Do We Get the Government We Deserve?

Yesterday, Americans by the millions went to the polls and elected a new President.

Today in America, a police officer will risk her life to save someone she's never met. A teacher will stay late to help an at-risk student. A driver will pull off the road to help a stranded motorist.

In America today, a firefighter will charge toward a burning building -- while those inside flee. Soldiers, sailors, airmen and marines will kiss their spouses and kids goodbye, then ship out for foreign lands in order to protect them.

A craftsman will return home to tell his wife that he has lost his job. An entrepreneur will open the doors of her new business for the first time. A doctor will gird herself to tell a patient that he has cancer, and she will formulate a regimen for his treatment.

Today, a tired woman will head to a second job to give her kids a better chance at college. A volunteer will use his lunch hour to deliver food to the elderly. The grand-daughter of a pioneer and the son of an immigrant will wed their lives together.

A bartender will cut off a customer before he has drunk one too many. A child will experience the joy of realizing that letters, so carefully memorized, connect together to form these things called words. A young woman will give birth to a child, and she and her husband will never look at their lives -- or life, itself -- the same way.

Across America, these acts -- these triumphs and tragedies, the heroism and joys, the fear and disappointments of daily life -- will be repeated today by workaday heroes and unsung heroines. Like they were yesterday. And the day before. Just as in Maine the sun this morning will rise once again over the Atlantic and set in Hawaii over the Pacific.

Partisans of one party will celebrate today, while the other side, no doubt, plots a comeback. But for most folks life will go on as before. Because -- despite the bombast and the attack ads and the talking heads and the polls -- most things, the truly important things, rarely have much to do with an election.

The strength of this country is -- and always has been -- its people, the roots that produced such leaders as Washington and Jefferson, Jackson and Lincoln, T.R. and Truman. It is we, the people, who "ordain and establish" our Constitution and government. Not vice-versa. And it is we who make this country work, for better and worse.

It has been said that we get the government we deserve, often as a way to rationalize the leadership we got. But, rather than expecting the public to settle for diminished expectations, perhaps it is time our leaders remembered their obligation to be worthy of the people they serve.

Starting with the man we have just chosen to work in a smallish, not-quite-round office in an ornate building far, far away from most of us.

William Tate is an award-winning journalist and author.
Yesterday, Americans by the millions went to the polls and elected a new President.

Today in America, a police officer will risk her life to save someone she's never met. A teacher will stay late to help an at-risk student. A driver will pull off the road to help a stranded motorist.

In America today, a firefighter will charge toward a burning building -- while those inside flee. Soldiers, sailors, airmen and marines will kiss their spouses and kids goodbye, then ship out for foreign lands in order to protect them.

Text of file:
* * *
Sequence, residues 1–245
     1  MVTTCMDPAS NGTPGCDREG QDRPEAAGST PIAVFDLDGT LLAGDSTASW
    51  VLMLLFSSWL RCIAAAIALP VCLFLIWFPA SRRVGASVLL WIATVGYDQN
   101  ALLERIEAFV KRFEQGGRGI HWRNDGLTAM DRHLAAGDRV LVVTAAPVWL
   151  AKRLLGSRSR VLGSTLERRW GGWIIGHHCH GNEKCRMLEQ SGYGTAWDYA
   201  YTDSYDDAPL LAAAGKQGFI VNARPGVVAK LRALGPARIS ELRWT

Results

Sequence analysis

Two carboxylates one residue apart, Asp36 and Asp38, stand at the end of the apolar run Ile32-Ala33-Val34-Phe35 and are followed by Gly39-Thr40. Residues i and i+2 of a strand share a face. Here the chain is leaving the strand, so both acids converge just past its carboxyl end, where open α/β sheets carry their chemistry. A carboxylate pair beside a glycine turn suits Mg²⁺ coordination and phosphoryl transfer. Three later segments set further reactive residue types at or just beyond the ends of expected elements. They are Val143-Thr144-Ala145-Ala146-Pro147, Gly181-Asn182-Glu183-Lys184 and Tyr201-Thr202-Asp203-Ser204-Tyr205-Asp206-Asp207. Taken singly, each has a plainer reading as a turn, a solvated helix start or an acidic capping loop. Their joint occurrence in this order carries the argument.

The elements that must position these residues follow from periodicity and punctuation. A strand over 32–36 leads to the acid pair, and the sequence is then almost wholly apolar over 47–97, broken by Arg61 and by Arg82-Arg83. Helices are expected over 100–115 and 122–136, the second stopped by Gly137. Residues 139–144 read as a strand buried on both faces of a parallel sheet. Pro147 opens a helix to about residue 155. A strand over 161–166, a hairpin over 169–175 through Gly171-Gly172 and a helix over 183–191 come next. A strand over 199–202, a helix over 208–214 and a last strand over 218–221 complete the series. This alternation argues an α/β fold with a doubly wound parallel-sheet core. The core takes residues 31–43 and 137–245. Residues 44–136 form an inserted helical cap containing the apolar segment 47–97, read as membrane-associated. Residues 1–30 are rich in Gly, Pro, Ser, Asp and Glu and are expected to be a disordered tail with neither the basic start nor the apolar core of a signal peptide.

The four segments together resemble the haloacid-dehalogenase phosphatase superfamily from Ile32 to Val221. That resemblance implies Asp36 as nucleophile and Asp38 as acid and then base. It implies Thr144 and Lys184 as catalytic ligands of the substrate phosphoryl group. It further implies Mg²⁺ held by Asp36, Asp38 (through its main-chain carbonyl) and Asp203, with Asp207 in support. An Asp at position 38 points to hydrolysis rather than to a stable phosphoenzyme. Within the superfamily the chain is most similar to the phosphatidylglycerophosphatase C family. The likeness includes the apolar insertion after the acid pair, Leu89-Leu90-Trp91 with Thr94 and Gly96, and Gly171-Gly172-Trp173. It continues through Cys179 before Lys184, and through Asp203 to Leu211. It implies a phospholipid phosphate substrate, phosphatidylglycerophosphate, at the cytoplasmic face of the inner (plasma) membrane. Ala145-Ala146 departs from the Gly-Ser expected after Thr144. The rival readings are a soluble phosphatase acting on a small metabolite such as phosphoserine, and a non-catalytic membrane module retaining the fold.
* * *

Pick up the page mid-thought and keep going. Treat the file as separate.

A craftsman will return home to tell his wife that he has lost his job. An entrepreneur will open the doors of her new business for the first time. A doctor will gird herself to tell a patient that he has cancer, and she will formulate a regimen for his treatment.

Today, a tired woman will head to a second job to give her kids a better chance at college. A volunteer will use his lunch hour to deliver food to the elderly. The grand-daughter of a pioneer and the son of an immigrant will wed their lives together.

A bartender will cut off a customer before he has drunk one too many. A child will experience the joy of realizing that letters, so carefully memorized, connect together to form these things called words. A young woman will give birth to a child, and she and her husband will never look at their lives -- or life, itself -- the same way.

Across America, these acts -- these triumphs and tragedies, the heroism and joys, the fear and disappointments of daily life -- will be repeated today by workaday heroes and unsung heroines. Like they were yesterday. And the day before. Just as in Maine the sun this morning will rise once again over the Atlantic and set in Hawaii over the Pacific.

Partisans of one party will celebrate today, while the other side, no doubt, plots a comeback. But for most folks life will go on as before. Because -- despite the bombast and the attack ads and the talking heads and the polls -- most things, the truly important things, rarely have much to do with an election.

The strength of this country is -- and always has been -- its people, the roots that produced such leaders as Washington and Jefferson, Jackson and Lincoln, T.R. and Truman. It is we, the people, who "ordain and establish" our Constitution and government. Not vice-versa. And it is we who make this country work, for better and worse.

It has been said that we get the government we deserve, often as a way to rationalize the leadership we got. But, rather than expecting the public to settle for diminished expectations, perhaps it is time our leaders remembered their obligation to be worthy of the people they serve.

Starting with the man we have just chosen to work in a smallish, not-quite-round office in an ornate building far, far away from most of us.

William Tate is an award-winning journalist and author.